CC BY-NC-ND 4.0 · Horm Metab Res 2022; 54(08): 549-555
DOI: 10.1055/a-1891-6621
Review

COVID-19 Infections in Gonads: Consequences on Fertility?

1   Institute of Clinical Chemistry and Laboratory Medicine, University Hospital Carl Gustav Carus Dresden, Technische Universität Dresden, Dresden, Germany
,
Umberto Maccio
2   Department of Pathology and Molecular Pathology, University Hospital Zurich, Zurich, Switzerland
,
Reham Kotb
3   Department of Environmental and Public Health, College of Health Science, Abu Dhabi University, Abu Dhabi, United Arab Emirates
,
Rania Al Dweik
3   Department of Environmental and Public Health, College of Health Science, Abu Dhabi University, Abu Dhabi, United Arab Emirates
,
Michele Cherfane
3   Department of Environmental and Public Health, College of Health Science, Abu Dhabi University, Abu Dhabi, United Arab Emirates
,
Holger Moch
2   Department of Pathology and Molecular Pathology, University Hospital Zurich, Zurich, Switzerland
,
Stefan R. Bornstein
4   Department of Medicine III, University Hospital Carl Gustav Carus, Medical Faculty Carl Gustav Carus, Technische Universität Dresden, Dresden, Germany
5   Department of Diabetes, School of Life Course Science and Medicine, King's College London, London, UK
,
Zsuzsanna Varga
2   Department of Pathology and Molecular Pathology, University Hospital Zurich, Zurich, Switzerland
› Author Affiliations
 

Abstract

COVID-19 may influence human fertility and sexuality in several ways. Different cell types in gonads show a constitutive expression of angiotensin-converting enzyme 2 (ACE2) and transmembrane protease serine subtype 2 (TMPRSS2), which provide potential entry pathways for SARS-CoV-2. In addition to the biological effects of a COVID-19 infection on the gonads, the impact of the ongoing COVID-19 pandemic on mental health issues and sexual behavior may affect reproduction. This review summarizes the current knowledge on the influence of COVID-19 on the gonads and discusses possible consequences on human fertility. In this context, the close interaction between the hypothalamic-pituitary-adrenal axis and the hypothalamic-pituitary-gonadal axis in response to COVID-19-related stress is discussed. Some women noticed changes in their menstrual cycle during the COVID-19 pandemic, which could be due to psychological stress, for example. In addition, occasional cases of reduced oocyte quality and ovarian function are described after COVID-19 infection. In men, COVID-19 may cause a short-term decrease in fertility by damaging testicular tissue and/or impairing spermatogenesis. Moreover, decreased ratio testosterone/LH and FSH/LH in COVID-19 compared to aged-matched healthy men has been reported. Available data do not suggest any effect of the available SARS-CoV-2 vaccines on fertility. The effects of long COVID on human fertility have been reported and include cases with premature ovarian failure and oligomenorrhoea in women and erectile dysfunction in men. Despite the increasing knowledge about the effects of COVID-19 infections on human gonads and fertility, the long-term consequences of the COVID-19 pandemic cannot yet be assessed in this context.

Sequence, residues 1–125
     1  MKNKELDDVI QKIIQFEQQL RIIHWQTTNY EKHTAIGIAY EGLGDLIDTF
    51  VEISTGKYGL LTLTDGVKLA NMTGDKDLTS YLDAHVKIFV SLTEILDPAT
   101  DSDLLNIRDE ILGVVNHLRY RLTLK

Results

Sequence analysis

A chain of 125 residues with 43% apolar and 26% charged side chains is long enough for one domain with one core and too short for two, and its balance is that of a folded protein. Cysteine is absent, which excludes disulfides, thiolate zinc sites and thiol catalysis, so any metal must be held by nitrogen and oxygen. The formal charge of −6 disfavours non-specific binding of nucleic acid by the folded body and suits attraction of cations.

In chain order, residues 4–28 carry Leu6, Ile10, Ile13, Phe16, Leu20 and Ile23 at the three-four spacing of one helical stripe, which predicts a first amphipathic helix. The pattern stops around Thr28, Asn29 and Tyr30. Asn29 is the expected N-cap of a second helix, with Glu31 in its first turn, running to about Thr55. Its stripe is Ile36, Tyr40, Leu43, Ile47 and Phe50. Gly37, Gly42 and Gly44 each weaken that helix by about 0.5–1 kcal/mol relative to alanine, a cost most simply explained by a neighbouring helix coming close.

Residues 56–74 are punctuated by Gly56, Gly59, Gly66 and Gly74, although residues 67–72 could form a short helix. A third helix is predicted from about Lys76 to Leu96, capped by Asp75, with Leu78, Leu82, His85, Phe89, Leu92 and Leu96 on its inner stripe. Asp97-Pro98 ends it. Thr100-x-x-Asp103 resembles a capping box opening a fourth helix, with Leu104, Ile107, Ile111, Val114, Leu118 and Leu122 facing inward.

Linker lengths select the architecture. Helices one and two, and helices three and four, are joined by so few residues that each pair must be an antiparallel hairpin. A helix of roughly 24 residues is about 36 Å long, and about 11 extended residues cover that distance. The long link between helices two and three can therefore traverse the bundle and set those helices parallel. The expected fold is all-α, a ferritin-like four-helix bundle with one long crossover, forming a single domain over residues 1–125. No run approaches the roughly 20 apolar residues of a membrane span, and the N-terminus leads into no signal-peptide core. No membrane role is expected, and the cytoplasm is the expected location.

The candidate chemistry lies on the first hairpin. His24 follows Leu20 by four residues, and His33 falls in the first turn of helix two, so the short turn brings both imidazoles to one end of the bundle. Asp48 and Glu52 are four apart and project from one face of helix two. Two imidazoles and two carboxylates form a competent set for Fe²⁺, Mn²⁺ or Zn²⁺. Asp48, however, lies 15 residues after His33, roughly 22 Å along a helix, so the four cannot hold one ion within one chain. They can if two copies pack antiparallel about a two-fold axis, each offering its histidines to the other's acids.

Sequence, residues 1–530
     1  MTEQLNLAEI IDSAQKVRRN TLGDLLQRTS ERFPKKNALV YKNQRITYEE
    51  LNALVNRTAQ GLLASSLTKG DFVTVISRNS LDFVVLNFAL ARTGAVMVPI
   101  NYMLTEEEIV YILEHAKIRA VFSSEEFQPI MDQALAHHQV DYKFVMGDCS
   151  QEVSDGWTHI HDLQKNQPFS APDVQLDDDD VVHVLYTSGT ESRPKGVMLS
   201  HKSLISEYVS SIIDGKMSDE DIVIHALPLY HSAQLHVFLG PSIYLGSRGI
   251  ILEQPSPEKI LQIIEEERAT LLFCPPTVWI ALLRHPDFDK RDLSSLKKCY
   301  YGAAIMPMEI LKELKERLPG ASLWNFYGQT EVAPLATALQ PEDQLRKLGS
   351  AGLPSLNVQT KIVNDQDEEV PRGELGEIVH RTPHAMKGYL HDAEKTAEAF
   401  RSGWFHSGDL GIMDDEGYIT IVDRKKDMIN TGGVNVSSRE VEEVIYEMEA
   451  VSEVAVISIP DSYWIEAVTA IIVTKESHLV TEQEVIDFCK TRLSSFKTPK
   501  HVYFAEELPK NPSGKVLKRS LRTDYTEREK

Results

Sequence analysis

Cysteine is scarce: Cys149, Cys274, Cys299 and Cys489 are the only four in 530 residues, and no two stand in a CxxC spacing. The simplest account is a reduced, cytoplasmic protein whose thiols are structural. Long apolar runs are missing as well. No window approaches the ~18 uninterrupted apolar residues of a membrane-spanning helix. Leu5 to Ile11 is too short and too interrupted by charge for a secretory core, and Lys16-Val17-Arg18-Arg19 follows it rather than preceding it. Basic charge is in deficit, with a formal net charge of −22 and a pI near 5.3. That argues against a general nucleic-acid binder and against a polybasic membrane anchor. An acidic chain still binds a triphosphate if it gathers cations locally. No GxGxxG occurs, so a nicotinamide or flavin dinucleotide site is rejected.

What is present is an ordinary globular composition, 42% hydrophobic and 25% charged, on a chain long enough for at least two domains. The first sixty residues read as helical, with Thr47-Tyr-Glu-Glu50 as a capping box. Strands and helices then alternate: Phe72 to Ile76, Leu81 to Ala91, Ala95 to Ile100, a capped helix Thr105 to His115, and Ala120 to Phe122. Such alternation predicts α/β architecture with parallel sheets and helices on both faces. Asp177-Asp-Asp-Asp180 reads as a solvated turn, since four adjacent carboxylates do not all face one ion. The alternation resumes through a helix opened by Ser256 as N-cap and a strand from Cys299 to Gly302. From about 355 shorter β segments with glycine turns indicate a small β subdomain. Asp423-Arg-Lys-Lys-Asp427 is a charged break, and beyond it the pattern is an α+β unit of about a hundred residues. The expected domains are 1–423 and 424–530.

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Introduction

The first emergence of severe acute respiratory syndrome coronavirus 2 (SARS-CoV-2) in 2019 has led to the COVID-19 pandemic with millions of infections and deaths worldwide. Even two years after the onset of the pandemic, the long-term consequences for the population and population development are still difficult to estimate. The potential effects of COVID-19 on reproduction are of particular interest in this context.